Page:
I must say you are right.

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  • SilvengaSilvenga Member
    edited February 2015

    4n0nx said: Very much personal bias when they say they have to comply with whatever they are told to do.

    I'm not sure what you said, but there is a huge difference between allowing a government agency access to hosted services and adding backdoors to code. We aren't even talking about the same departments (Sysops/IT vs engineers/designers).

    Again, there is no evidence that Microsoft has coded backdoors into Windows.

  • im_jmzim_jmz Member
    edited February 2015

    NSA hackers undiscovered for 14 years.

    @Silvenga Any thoughts otherwise are created from emotional fear, ignorance, personal biases, and not from logic and evidence. :)

    Now that's just hilarious. Maybe no overt backdoors obviously left open by MS, but with what we have learned with the Snowden revelations you'd have to be pretty fucking dense to believe Windows is a platform built with security/privacy in mind. China and Germany both ditched Windows 8 over concerns about backdoors. Truecrypt authors have argued against the use of TPM in the past, yet when they discontinued work on the project their website has instructions to use Bitlocker and other shitty alternatives offered by MS/Apple--software that has, in all likelihood, been intentionally weakened.

    Does this matter for most of us? No. Most of us are more worried about common criminals and not the NSA. If you're worried about the NSA you have to consider OPSEC from every angle--ideally you'd store everything in an air-gapped encrypted PC within a Faraday cage in a locked room in your basement, but that's neither here nor there.

    And most of you probably think I'm paranoid, but that's OK. I've been called paranoid in the past, when I argued that the NSA was using Room 641A to intercept communications. We all know that turned out to be baseless paranoia, created from emotional fear and ignorance, right? Right.

    @Pwner Modern day encryption is impossible to break when properly implemented, as far as we know, even for the NSA--they don't have to break it though, just convince people to weaken implementation.

    @Silvenga I doubt we'd see a hard coded backdoor. What they do is weaken parts of their software at the behest of the NSA.

    Of course, that's probably more baseless paranoia created from emotional fear, ignorance, blah blah...

    The NSA has a history of getting corporations to weaken their security in very specific ways so that they can compromise them later. They only have to weaken its implementation and they HAVE done this in the past, and continue to do so. Debian had a weakened implementation of OpenSSL for some time.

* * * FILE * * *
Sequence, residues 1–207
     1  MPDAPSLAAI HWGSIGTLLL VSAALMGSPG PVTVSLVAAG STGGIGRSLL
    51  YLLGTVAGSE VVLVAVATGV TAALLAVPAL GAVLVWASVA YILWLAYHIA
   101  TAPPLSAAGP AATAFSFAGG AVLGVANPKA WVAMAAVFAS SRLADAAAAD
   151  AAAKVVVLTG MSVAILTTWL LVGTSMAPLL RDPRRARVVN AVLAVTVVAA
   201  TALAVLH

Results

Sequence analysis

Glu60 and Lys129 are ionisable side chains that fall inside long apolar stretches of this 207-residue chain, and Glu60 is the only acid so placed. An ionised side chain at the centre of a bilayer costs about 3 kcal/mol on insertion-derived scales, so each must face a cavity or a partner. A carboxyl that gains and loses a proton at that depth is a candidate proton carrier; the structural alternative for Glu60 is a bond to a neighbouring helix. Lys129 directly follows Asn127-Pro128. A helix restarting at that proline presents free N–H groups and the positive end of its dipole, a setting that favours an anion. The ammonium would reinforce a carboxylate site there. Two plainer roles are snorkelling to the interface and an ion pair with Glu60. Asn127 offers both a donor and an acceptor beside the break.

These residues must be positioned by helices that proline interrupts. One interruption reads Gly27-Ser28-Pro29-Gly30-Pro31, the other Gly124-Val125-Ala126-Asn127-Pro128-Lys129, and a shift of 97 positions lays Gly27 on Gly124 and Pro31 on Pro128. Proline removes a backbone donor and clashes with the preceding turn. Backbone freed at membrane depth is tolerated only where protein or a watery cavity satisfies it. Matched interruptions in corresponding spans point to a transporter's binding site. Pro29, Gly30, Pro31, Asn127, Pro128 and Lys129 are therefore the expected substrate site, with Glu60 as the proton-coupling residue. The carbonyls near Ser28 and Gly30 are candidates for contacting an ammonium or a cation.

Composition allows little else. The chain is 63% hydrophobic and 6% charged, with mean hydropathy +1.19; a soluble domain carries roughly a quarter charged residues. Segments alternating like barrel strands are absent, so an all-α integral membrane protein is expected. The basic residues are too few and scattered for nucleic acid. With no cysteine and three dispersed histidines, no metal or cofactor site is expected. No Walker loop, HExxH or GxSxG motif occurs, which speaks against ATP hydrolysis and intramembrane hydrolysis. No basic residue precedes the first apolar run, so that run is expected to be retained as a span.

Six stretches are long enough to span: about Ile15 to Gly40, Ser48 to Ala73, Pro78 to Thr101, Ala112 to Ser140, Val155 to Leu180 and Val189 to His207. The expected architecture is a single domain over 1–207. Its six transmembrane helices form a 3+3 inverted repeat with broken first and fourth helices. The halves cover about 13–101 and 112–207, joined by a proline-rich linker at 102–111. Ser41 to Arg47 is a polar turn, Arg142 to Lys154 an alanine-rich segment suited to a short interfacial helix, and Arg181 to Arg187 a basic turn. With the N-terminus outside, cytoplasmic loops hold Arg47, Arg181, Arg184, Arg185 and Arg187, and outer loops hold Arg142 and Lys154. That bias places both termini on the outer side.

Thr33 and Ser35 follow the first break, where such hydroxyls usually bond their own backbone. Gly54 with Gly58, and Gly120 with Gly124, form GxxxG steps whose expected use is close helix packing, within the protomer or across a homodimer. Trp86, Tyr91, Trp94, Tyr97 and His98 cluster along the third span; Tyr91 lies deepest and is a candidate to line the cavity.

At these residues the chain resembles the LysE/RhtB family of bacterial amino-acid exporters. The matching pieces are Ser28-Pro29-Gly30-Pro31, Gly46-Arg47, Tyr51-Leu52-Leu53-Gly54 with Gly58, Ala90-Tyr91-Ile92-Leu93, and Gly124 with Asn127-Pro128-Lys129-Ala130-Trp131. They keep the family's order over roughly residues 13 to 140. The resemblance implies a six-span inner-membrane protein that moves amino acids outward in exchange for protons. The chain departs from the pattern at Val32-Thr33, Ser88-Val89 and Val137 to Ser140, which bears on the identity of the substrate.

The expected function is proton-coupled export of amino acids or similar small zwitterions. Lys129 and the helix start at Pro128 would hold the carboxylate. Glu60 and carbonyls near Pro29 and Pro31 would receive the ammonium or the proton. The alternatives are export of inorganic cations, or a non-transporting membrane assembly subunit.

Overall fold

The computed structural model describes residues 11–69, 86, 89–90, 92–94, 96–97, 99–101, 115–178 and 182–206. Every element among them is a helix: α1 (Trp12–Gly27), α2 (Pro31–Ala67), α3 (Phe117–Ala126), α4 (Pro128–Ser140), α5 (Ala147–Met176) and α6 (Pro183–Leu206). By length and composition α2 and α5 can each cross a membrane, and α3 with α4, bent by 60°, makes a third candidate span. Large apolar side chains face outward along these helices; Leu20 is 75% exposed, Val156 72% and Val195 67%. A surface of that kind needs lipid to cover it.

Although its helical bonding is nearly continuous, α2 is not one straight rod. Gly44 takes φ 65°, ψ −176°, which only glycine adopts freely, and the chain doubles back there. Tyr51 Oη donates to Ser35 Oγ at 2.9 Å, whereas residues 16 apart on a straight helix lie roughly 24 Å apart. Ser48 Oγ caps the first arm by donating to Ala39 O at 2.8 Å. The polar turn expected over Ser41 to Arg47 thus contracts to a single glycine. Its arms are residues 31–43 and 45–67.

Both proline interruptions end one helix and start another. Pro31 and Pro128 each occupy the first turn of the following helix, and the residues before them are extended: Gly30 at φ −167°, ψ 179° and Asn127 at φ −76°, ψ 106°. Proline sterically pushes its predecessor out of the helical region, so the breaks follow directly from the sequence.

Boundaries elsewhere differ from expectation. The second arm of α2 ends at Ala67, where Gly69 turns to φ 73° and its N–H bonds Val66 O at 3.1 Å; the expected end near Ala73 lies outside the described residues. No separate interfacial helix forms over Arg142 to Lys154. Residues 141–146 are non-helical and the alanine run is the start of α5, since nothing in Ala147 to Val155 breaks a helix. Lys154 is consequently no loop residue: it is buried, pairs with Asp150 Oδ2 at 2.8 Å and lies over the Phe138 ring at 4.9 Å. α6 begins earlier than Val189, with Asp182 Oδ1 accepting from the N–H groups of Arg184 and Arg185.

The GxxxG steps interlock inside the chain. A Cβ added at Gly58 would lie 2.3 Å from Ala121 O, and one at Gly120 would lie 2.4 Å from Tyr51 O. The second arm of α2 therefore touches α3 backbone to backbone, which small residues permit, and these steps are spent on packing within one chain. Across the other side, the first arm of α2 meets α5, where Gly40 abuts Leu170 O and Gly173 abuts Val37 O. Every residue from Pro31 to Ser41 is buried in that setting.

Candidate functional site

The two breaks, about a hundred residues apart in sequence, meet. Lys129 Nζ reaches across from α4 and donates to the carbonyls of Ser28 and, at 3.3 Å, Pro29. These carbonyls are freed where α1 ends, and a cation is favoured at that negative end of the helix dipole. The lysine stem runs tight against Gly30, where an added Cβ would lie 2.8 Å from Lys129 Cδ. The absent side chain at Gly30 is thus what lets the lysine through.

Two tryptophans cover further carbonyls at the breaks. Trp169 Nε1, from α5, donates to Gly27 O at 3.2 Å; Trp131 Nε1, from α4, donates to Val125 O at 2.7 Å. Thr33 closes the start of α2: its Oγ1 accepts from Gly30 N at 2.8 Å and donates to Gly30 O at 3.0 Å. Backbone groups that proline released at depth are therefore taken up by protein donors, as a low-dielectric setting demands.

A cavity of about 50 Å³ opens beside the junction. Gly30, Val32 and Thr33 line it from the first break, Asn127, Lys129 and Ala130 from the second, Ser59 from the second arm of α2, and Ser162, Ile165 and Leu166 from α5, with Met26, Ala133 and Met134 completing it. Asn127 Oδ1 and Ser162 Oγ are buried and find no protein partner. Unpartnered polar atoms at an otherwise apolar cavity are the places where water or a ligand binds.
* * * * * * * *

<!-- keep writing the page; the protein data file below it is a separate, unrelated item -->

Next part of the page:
Bruce Schneier has some interesting thoughts on the topic.

    Thanked by 1k0nsl
  • im_jmz said: software that has, in all likelihood, been intentionally weakened.

    Evidence of such (don't cite it from a blog or news site)? A likeness is not evidence.

    im_jmz said: Truecrypt authors have argued against the use of TPM in the past

    Context, citations, reasoning? (again, not from a blog)

    im_jmz said: We all know that turned out to be baseless paranoia, created from emotional fear and ignorance, right?

    I don't see a connection, wiretapping has nothing to do with programed backdoors - again, a completely different department. Stop using wiretapping as evidence that another company will spend the resources and engineers to craft a backdoor.

    im_jmz said: Modern day encryption is impossible to break when properly implemented, as far as we know, even for the NSA--they don't have to break it though, just convince people to weaken implementation.

    Your logic is flawed, nothing is impossible. We once thought that we would never use all the IPv4 address out there - it only took 20 years.

    im_jmz said: Of course, that's probably more baseless paranoia created from emotional fear, ignorance, blah blah...

    Political Bloggers are not considered a good source of information nor "exclusive" news stories from huge corporations who see millions in click revenue.

    im_jmz said: China and Germany both ditched Windows 8

    Probably helps that China has been stealing from Microsoft for years (they never did pay for all their licences). Not to mention I highly doubt that decision was made by educated software engineers (rather ignorant politicians).

  • @Silvenga said:
    Evidence of such (don't cite it from a blog or news site)? A likeness is not evidence.

    Lol, have you been sleeping under a rock mate? Have you read any of the Snowden docs at all?

    I'm done with this topic I've done enough research on my own to form an opinion, I'm not going to do your research as well--you clearly have made your mind up, and I'm happy to let you continue in your illusions.

  • edited February 2015

    I agree with @im_jmz some people can be hit with the evidence in the face, and they still don't see it.

    If the snowden revelations did not scare you, you must either be living under a rock, or maybe you don't care about personal privacy at all.

    I personally love my privacy. It's my right.

    I'm going to suggest VeraCrypt == https://veracrypt.codeplex.com/

    It's open sourced and it addressed all the flaws found during the TrueCrypt audit. Although the flaws found in the audit weren't that severe. So TrueCrypt is fine too.